This is worth bearing in mind if you work for long periods of time on a computer. Regular break reminders should be set up on your computer to remind you to get up from the desk and get some fresh air when possible.

In other situations, when during a panic attack an outside threat cannot normally be found, the mind turns inwards and begins to contemplate the possible illness the body or mind could be suffering from. This ranges from thinking it might have been something you ate at lunch, to the possibility of an oncoming cardiac arrest.

The burning question is: Why is the fight/flight response activated during a panic attack even when there is apparently nothing to be frightened of?

Upon closer examination of the causes of panic attacks, it would appear that what we are afraid of are the sensations themselves—we are afraid of the body losing control. These unexpected physical symptoms create the fear or panic that something is terribly wrong. Why do you experience the physical symptoms of the fight/flight response if you are not frightened to begin with? There are many ways these symptoms can manifest themselves, not just through fear.

For example, it may be that you have become generally stressed for some reason in your life, and this stress results in an increase in the production of adrenaline and other chemicals, which from time to time, would produce symptoms….and which you perceive as the causes of panic attacks.

This increased adrenaline can be maintained chemically in the body, even after the stress has long gone. Another possibility is diet, which directly affects our level of stress. Excess caffeine, alcohol, or sugar is known for causing stress in the body, and is believed to be one of the contributing factors of the causes of panic attacks (Chapter 5 gives a full discussion on diet and its importance).

Unresolved emotions are often pointed to as possible trigger of panic attacks, but it is important to point out that eliminating panic attacks from your life does not necessarily mean analyzing your psyche and digging into your subconscious. The “One Move” technique will teach you to deal with the present moment and defuse the attack along with removing the underlying anxiety that sparks the initial anxiety.

Before moving to the key of this, let’s examine some of the common myths and misinterpretations of an anxiety disorder.

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Dr. J. Defoe

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Easy and Effective Tips to End Panic Attacks


Edward Lathrop
Webmaster and Administrator of, as well as contributor to Stop Anxiety Stop Panic.

Find the trigger.

All panic attacks have a trigger.  Find out what yours is . Panic attacks usually occur during times of stress or times when you feel helpless or confined.  Closed spaces and small quarters, for example, can trigger a panic attack.  So will the thought of facing a group of people whether for a meeting, presentation or public speech.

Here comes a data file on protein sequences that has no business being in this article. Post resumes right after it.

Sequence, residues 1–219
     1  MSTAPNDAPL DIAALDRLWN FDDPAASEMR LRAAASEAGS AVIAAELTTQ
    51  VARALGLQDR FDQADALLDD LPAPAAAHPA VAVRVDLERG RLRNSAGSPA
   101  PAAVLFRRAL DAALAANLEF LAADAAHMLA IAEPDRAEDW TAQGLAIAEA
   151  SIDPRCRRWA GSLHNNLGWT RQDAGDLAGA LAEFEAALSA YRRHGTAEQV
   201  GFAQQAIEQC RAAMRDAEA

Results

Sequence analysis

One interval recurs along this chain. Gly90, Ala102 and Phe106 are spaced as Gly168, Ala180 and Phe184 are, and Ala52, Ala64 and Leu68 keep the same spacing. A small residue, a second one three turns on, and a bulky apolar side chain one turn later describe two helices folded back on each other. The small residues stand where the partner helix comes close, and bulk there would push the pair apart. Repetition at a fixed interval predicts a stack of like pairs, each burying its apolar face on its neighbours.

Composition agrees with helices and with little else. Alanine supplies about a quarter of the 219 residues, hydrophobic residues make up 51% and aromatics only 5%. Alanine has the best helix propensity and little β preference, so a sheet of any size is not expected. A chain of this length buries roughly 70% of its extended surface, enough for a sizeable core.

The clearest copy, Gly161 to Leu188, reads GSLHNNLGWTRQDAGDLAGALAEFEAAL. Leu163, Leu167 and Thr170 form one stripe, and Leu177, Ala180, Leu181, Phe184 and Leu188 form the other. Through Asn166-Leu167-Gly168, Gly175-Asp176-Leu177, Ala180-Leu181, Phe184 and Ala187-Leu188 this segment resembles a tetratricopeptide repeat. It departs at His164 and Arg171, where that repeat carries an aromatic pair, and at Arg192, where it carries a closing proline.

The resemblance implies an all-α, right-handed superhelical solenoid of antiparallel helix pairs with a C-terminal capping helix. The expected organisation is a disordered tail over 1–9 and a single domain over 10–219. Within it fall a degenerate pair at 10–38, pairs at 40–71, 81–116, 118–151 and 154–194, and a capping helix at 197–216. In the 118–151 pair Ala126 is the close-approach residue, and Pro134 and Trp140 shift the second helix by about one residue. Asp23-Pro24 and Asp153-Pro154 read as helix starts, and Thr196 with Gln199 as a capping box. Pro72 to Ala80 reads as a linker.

Learn to find the pattern of occurrence of your attacks and you’ll be better at predicting them.  If you know what causes your panic attacks, you can better prepare for them before they occur and be able to control panic attacks and your negative feelings.

Learn relaxation techniques.

Relaxation techniques help train the mind to control itself in situations where panic attacks usually occur.  By learning to relax, you teach your body to follow your mind and control panic attacks. 

Learn meditation or self-hypnosis, which are both effective for helping you clear your mind and reduce muscle tension and heart rate. They also work well with helping you gain better control of your breathing and your reactions in case of another panic attack.  Practice these techniques for at least 20 minutes everyday to control panic attacks.

Learn to breathe properly.

Breathing is the key to learning how to control panic attacks.  Learn the proper technique by lying on a flat surface or sitting on a chair.  By keeping your spine straight and closing your eyes, picture your diaphragm as your center. 

Place a hand over the area and draw in a breath slowly, using a count of 5 and then breathe out slowly.  Repeat this for at least 20 times until you find your rhythm and your body begins to relax.  During this exercise, think of being in a peaceful and safe place and repeat to yourself reassuring statements such as, ”I am in a safe place.  Nothing will harm me.  There is no danger to my person.  I am safe.”

Next time a panic attack threatens you, use this breathing technique to calm yourself.  Regardless of where you are, remember this technique and use it to control panic attacks.

Check your diet.

Diet plays a big part in making you more susceptible to panic and anxiety attacks.  Certain foods like caffeine, salt and nicotine for example, should be taken in moderation.  Caffeine and nicotine are known stimulants and can increase your nervousness and agitation while salt hinders the normal functioning of the nervous system.

Get enough sleep.

If you suffer from panic attacks, make sure you get a good rest every night.  If your body is well rested, your mental and physical abilities are more in tuned to each other when you wake up. You are less likely to react without thinking or give in to panic attacks if you’re refreshed and feeling in control.